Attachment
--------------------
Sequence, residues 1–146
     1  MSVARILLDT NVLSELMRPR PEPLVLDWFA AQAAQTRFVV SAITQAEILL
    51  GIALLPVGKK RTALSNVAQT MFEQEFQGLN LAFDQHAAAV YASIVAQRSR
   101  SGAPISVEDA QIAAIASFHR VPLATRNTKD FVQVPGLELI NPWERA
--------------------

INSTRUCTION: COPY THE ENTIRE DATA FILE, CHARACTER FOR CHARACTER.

Sequence, residues 1–146
     1  MSVARILLDT NVLSELMRPR PEPLVLDWFA AQAAQTRFVV SAITQAEILL
    51  GIALLPVGKK RTALSNVAQT MFEQEFQGLN LAFDQHAAAV YASIVAQRSR
   101  SGAPISVEDA QIAAIASFHR VPLATRNTKD FVQVPGLELI NPWERA